The World as It Is (2018) is a deeply personal look at the Obama presidency, written by a man who not only worked closely with the forty-fourth president, but also became his friend. Taking us on a behind-the-scenes tour of Obama’s presidency, from his first campaign to Trump’s inauguration, these blinks also chronicle the author’s personal journey from fresh-faced staffer to hardened national security operator.
When Barack Obama first ran for the presidency, in 2007, he represented something new. For starters, he had opposed the Iraq war when almost everyone else supported it. To many, he seemed like a beacon of hope. He used words that sounded moral, and authentic, at a time when Washington politics seemed anything but.
Obama fought his campaign with a promise of change. From a foreign-policy perspective, that meant doing things that went against the grain of establishment thinking.
For instance, Obama called for diplomacy with Iran without preconditions. The Washington political class saw this – or anything that deviated from instinctive “toughness” toward Iran – as a blunder, despite the fact that Iran was quietly progressing its nuclear program. But Obama doubled down, responding to criticisms of his foreign policy by saying, in a nod to the disastrous Iraq war, that he wouldn’t be lectured by people who had supported the greatest foreign-policy mistake of his lifetime.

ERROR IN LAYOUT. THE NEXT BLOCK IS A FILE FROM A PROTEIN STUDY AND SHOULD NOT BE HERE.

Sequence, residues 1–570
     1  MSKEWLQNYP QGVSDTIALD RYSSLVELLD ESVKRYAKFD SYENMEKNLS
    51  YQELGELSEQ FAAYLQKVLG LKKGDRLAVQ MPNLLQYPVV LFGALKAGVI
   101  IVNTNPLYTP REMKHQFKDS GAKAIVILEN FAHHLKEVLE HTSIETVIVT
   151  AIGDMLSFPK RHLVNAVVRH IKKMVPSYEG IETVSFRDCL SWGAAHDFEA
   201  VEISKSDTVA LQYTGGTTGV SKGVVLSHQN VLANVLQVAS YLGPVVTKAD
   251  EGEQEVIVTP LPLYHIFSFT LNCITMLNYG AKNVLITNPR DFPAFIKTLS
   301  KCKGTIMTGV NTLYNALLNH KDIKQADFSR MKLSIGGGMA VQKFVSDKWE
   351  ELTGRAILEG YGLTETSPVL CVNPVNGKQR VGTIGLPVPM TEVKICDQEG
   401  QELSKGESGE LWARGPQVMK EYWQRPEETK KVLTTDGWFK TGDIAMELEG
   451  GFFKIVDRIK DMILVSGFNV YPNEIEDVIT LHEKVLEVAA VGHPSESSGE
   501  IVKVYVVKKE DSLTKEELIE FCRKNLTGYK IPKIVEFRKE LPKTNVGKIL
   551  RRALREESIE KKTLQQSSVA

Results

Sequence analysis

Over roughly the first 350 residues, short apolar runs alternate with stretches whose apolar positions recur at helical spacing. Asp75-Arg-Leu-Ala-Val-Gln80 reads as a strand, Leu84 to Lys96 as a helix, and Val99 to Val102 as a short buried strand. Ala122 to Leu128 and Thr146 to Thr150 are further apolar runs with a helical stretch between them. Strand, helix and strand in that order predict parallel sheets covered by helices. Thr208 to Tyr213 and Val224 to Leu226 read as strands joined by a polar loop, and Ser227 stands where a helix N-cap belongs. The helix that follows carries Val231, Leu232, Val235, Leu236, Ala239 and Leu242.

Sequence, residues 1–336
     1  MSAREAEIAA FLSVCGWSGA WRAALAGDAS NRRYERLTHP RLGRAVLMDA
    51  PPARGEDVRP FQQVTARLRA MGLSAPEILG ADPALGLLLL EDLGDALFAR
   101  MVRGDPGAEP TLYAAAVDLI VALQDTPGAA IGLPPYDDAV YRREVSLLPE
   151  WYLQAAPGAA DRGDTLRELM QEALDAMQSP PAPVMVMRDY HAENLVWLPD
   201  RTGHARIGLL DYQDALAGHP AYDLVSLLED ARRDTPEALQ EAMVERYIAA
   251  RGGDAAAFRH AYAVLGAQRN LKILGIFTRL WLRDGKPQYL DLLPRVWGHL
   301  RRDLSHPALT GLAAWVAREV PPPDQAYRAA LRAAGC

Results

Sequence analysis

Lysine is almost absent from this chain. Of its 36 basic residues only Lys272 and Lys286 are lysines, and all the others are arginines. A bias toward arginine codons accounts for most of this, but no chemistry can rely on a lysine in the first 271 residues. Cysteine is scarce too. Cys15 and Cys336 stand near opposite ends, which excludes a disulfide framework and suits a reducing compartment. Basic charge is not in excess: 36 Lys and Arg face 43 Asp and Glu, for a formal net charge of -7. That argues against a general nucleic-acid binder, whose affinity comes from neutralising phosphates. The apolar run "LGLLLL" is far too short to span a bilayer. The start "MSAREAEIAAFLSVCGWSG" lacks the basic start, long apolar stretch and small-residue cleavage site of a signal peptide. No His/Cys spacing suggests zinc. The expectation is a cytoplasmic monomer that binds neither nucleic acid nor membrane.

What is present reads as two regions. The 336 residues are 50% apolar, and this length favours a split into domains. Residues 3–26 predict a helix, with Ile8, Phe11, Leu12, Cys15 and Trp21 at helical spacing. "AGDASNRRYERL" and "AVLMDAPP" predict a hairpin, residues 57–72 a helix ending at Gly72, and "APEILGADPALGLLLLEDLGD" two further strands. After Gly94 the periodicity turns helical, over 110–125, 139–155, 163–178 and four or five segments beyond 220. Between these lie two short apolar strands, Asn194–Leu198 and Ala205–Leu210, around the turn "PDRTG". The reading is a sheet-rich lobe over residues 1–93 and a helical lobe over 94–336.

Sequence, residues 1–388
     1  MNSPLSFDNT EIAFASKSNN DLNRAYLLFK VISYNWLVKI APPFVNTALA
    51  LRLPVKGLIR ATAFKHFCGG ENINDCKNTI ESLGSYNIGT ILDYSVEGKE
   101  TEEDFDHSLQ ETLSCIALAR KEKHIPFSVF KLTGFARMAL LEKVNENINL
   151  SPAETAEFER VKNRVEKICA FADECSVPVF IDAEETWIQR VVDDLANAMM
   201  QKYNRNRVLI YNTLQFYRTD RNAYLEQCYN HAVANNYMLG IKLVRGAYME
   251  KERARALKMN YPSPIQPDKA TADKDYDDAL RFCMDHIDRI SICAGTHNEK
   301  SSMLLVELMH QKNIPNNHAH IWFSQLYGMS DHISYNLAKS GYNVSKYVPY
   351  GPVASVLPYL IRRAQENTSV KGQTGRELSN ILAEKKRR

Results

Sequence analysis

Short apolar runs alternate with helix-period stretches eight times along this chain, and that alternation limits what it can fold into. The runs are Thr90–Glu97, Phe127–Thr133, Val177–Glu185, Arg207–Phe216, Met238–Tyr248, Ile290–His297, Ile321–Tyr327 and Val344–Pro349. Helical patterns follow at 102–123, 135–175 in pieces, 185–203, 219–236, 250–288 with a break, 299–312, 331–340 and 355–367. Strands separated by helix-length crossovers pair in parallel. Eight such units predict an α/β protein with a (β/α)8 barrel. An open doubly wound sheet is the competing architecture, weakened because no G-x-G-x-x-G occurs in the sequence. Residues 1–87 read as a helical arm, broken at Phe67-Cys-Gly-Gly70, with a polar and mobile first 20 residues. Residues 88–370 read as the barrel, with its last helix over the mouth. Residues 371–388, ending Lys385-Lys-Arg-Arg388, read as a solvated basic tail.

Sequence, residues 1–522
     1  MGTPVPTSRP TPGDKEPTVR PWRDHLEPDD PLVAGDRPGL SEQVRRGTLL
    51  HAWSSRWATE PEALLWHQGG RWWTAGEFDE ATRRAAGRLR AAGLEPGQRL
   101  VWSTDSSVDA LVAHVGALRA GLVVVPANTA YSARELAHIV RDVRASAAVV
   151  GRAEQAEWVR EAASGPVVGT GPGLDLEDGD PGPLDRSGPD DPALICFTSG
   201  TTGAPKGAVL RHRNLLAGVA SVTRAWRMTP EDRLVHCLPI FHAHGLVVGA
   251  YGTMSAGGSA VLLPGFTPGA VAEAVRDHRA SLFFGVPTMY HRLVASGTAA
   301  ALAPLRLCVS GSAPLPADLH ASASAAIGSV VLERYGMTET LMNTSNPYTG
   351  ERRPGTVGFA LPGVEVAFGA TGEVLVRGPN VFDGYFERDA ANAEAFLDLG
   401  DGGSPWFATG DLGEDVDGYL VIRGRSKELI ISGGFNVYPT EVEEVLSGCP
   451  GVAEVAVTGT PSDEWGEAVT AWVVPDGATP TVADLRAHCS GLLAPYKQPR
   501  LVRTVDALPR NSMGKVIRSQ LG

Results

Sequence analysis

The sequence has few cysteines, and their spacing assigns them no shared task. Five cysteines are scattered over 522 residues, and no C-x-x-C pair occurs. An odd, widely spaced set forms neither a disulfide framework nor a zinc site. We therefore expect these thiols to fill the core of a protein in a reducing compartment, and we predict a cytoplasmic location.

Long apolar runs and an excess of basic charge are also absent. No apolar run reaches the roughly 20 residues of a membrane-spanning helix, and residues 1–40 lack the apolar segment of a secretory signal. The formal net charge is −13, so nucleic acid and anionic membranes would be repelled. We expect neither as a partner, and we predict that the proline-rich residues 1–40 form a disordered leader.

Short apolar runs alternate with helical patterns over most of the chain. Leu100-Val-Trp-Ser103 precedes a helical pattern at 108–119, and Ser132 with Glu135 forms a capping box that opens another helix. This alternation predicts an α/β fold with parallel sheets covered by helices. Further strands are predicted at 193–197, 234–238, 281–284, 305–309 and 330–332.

In most presidential campaigns, foreign policy is a minor issue, with few votes in it beyond veterans and key ethnic constituencies. But Obama’s campaign wanted to do more. Conscious of the higher expectations placed on an African-American candidate, Obama wanted to prove his ability to handle international diplomacy and the demands of being commander-in-chief. To do this, he embarked on a campaign tour of crucial European nations and the Middle East – an unusually long detour from the standard presidential campaign trail.
A key piece of the tour would be a speech in Berlin, delivered on the site of two iconic speeches from American presidential history – Kennedy’s famous “Ich bin ein Berliner!” speech and Reagan’s speech, “Tear down this wall.”
The speech almost ended in disaster, however. Just hours before Obama spoke, the author pondered a crucial line in the speech’s ending that referred to the German word for “community of fate,” Schicksalsgemeinschaft. Double-checking with a translator, he discovered that the word had been the title of a well-known speech by Adolf Hitler!
The line was changed, just in time. And the speech – given to an enormous, cheering crowd – was a huge success. More than his actual words, which emphasized globalism over nationalism, the image of an African-American candidate addressing vast crowds on a historic stage was a powerful one.